High rollers at Bally's Las Vegas are enjoying a different kind of power-at their convention sites and meeting rooms. Bally's is the first hotel on the strip to provide fiber-optic cabling direct to floor pockets in convention and meeting rooms. That makes it possible for the hotel to construct impromptu networks in minutes that can handle voice, video, audio, and other media at any desired speed throughout its extensive meeting areas.

Hotel guests today have increasingly sophisticated requests, according to Michael Bendetti, president of Spaghetti Western, the Las Vegas company that designed the new fiber network and the facility's multimillion-dollar upgrade. "They may need to deliver streaming video to desktop machines located all over the building, provide high-speed Internet connections direct to the desktop, or simulcast a PowerPoint and video presentation in the Grand Ballroom to an overflow crowd gathered on another floor." Complicating the issue is that each meeting has a different floor plan and networking requirements.

Bally's Las Vegas is one of the foremost convention centers in the country with more than 165,00 square feet of meeting space. The hotel's meeting facilities are divided between the casino level, south tower, and 26th floor.

Bendetti was surprised to find that installing fiber turned out to be no more expensive than upgrading the hotel's copper network. "The price of the cable and connectors turned out to be only about 20% higher than copper. But when I figured in the savings from eliminating the repeaters, it was a wash. I realized that fiber would provide the assurance of being able to handle all the data, audio, and video needs of the hotel for the foreseeable future."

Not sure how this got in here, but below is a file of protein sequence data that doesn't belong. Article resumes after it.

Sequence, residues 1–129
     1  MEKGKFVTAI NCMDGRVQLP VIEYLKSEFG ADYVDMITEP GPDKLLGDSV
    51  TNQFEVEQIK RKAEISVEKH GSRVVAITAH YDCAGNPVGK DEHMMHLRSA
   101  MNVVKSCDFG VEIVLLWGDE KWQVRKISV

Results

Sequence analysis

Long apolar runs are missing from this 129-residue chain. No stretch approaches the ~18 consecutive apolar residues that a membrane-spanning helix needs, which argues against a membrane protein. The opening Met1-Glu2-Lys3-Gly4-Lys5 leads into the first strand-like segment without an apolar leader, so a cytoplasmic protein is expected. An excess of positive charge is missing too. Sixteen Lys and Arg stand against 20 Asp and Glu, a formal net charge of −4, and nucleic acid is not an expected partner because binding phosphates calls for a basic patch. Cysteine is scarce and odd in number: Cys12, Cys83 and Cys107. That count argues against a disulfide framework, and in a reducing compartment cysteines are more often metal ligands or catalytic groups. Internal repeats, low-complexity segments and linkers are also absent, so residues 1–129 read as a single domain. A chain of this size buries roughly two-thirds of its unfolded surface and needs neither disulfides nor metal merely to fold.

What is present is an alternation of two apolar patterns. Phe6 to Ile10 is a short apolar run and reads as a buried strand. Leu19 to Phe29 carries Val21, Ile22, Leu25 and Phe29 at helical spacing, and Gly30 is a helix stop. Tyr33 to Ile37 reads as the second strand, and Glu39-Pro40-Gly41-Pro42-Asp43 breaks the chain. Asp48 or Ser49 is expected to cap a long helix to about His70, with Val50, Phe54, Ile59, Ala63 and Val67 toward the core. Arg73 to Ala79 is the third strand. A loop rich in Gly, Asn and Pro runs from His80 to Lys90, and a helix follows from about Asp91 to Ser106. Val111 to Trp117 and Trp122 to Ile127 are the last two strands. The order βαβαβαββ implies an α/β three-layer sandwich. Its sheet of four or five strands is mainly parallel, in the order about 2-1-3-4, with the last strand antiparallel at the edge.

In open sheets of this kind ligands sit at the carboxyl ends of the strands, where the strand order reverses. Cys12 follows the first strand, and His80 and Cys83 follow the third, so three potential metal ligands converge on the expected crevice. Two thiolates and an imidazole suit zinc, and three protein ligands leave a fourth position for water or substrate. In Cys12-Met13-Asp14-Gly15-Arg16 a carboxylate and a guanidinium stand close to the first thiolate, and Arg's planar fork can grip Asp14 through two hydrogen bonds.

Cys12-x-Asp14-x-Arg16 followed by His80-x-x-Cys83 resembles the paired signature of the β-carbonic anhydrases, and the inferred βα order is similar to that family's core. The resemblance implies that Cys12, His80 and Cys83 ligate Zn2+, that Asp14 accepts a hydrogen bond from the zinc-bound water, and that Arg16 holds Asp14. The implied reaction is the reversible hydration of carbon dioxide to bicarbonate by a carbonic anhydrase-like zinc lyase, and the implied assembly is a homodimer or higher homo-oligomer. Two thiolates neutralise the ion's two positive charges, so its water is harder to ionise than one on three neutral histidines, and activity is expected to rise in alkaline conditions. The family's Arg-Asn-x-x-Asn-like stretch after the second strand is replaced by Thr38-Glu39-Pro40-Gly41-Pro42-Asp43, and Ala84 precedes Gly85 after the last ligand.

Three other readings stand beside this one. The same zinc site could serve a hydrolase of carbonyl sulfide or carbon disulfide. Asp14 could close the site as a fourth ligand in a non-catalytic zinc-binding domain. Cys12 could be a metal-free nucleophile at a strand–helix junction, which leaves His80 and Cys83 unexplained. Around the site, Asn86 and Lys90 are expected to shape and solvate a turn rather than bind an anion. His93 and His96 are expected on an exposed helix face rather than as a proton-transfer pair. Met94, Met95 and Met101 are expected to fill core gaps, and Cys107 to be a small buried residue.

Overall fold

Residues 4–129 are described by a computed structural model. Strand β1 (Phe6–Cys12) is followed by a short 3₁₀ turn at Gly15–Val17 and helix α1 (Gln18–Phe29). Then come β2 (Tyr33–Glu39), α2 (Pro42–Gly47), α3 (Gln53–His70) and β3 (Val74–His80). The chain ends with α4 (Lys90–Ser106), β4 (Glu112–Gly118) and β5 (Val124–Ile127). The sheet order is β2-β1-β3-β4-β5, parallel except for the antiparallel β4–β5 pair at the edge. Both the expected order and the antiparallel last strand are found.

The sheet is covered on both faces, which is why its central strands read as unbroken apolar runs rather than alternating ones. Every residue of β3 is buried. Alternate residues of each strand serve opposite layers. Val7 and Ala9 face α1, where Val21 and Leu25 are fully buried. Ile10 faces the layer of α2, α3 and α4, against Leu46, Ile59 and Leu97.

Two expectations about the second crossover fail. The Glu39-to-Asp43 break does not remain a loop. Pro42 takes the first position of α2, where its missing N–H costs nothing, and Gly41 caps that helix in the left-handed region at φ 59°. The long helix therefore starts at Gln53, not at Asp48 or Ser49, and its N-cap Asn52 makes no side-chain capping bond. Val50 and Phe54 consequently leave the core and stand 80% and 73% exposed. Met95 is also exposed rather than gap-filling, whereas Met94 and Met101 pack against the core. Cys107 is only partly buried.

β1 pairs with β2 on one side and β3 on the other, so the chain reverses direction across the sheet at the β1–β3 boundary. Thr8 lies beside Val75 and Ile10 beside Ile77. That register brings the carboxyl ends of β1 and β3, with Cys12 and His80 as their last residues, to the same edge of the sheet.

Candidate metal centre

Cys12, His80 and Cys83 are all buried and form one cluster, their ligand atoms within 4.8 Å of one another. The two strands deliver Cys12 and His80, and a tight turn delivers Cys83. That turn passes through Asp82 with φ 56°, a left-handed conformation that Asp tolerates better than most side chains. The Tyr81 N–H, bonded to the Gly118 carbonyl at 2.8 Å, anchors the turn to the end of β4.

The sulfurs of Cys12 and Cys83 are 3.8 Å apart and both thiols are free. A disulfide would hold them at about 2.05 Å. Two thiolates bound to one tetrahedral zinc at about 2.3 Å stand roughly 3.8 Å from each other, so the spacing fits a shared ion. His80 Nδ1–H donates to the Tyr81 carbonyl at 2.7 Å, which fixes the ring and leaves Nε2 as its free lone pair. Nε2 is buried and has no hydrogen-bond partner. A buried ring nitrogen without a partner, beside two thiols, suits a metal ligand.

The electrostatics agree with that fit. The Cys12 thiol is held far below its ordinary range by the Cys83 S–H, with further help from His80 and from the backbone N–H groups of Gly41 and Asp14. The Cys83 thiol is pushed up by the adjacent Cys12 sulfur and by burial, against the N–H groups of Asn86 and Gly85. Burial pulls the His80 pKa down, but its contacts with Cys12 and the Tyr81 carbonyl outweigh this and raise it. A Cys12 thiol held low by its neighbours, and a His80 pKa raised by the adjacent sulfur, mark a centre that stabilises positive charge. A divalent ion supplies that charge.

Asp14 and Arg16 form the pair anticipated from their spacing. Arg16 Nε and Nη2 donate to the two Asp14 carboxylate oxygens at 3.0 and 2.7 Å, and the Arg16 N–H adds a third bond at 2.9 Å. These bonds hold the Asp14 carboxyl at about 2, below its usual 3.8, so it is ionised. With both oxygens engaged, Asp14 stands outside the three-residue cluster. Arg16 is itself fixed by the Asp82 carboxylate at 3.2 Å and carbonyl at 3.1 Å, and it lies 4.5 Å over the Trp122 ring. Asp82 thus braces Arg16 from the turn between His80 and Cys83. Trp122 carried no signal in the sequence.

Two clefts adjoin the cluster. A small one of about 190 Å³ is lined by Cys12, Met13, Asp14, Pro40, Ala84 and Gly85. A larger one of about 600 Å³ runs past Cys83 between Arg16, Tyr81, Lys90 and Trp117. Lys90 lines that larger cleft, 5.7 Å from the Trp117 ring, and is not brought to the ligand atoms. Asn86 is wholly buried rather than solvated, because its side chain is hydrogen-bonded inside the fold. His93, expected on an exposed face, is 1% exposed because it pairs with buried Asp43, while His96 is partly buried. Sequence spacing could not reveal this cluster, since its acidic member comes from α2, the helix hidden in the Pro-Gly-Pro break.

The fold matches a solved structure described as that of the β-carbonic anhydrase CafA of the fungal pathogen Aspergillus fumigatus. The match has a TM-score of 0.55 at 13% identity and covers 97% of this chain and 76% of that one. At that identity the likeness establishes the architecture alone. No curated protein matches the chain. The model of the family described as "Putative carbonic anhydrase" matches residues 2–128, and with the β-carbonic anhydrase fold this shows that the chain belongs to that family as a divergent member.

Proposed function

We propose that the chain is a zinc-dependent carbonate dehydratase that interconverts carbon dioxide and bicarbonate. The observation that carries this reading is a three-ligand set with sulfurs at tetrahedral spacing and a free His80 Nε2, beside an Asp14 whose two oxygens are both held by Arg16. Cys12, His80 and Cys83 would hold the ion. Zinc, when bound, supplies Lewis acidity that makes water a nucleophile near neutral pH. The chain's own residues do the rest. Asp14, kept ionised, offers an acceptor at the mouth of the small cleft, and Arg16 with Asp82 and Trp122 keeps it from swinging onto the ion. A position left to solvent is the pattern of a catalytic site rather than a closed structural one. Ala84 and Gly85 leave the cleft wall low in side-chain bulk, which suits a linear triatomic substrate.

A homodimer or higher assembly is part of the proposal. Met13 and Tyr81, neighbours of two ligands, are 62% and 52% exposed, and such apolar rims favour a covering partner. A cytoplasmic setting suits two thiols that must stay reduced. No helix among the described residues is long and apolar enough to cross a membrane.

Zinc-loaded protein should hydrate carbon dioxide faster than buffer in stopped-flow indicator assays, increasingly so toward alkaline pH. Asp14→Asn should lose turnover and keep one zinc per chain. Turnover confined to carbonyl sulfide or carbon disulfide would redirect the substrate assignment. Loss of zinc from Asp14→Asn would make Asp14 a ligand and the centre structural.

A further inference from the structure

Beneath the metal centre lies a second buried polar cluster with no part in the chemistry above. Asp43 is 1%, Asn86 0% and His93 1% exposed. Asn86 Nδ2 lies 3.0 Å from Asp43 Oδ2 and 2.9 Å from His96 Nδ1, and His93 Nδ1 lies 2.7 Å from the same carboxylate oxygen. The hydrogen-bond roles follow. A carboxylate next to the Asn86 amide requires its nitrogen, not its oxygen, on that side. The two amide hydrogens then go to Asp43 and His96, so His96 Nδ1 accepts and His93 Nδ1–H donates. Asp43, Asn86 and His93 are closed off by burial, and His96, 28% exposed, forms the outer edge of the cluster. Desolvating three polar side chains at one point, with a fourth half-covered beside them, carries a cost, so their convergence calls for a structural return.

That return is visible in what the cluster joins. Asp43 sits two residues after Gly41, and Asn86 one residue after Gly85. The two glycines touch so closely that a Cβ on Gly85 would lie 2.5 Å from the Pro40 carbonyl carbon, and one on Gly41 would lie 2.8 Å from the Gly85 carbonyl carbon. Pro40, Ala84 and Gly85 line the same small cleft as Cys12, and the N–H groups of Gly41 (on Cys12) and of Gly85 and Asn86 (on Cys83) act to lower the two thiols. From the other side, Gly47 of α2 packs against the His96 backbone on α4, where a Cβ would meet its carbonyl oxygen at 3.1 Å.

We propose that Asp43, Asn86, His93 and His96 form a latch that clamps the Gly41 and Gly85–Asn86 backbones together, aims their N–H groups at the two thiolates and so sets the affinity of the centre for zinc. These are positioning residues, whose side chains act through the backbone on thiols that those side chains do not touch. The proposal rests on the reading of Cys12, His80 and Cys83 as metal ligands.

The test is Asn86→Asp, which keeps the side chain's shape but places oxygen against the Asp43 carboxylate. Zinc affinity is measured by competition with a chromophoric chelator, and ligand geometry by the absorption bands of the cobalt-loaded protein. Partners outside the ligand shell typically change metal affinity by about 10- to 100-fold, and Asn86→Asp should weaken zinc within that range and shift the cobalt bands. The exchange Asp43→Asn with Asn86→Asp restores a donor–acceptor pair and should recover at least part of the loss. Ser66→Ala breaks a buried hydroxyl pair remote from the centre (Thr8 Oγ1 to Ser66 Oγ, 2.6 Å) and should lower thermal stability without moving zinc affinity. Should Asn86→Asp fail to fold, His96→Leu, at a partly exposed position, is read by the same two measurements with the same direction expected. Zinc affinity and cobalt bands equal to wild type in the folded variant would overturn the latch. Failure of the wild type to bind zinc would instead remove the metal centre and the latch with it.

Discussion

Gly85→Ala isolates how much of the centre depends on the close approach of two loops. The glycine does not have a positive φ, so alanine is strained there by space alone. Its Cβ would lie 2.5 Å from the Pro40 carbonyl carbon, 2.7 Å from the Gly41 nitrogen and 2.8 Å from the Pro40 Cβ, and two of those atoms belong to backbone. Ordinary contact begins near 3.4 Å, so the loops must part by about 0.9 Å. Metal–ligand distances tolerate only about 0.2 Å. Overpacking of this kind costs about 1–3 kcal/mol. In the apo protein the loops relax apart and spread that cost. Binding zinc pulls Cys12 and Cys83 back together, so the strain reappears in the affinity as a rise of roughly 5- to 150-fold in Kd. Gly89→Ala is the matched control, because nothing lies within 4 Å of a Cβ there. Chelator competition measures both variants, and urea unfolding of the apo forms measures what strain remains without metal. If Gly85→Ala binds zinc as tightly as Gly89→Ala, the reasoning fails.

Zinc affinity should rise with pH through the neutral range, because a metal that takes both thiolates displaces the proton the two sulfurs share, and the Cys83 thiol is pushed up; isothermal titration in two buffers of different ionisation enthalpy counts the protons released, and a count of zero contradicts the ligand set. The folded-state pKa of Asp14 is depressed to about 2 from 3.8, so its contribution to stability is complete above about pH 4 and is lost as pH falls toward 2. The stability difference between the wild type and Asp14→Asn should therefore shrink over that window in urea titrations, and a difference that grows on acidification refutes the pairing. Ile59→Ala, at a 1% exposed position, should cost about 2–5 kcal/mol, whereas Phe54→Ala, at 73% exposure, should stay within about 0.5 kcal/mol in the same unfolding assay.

To optimize flexibility, Bally's entire network is configured as a LAN. Through patch panels, the network can be reconfigured in minutes to create impromptu LANs that can handle any client's needs. For example, the grand ballroom has 40 access panels with recessed floor pockets all around the room. Each pocket contains audio, video, data, and phone connections. Currently, the network uses 10-Mbit/sec and 100-Mbit/sec switches, but the speed of the network can easily be upgraded to 10 Gbits/sec simply by changing out the switches.

The first phase of the project, which included the Grand Ballroom and Events Center is up, running, and fully meeting expectations. With phase two underway, Bally's networking facilities have a clear advantage over its competitors in the highly competitive Las Vegas convention business.

With users in every walk of life demanding more from their networks, optical fiber is becoming the medium of choice to power users of every age. By giving users bandwidth, flexibility, and headroom, network managers can leverage their investment in their infrastructure into a competitive advantage.

Dan Silver is chair of the Fiber Optics LAN Section and marketing manager for 3M/Volition (Austin, TX). FOLS member companies include 3M/Volition, Allied Telesyn International, AMP Netconnect, Aura Networks, Belden Wire & Cable, Berk-Tek, CommScope, Corning, Corning Cabling Systems, Leviton Voice and Data Div., Lucent Technologies, Micro Linear, Ortronics, Panduit, the Siemon Co., Sumitomo Electric Lightwave, Sun Conversion Technologies, and Transition Networks. Visit the FOLS Website at www.fols.org.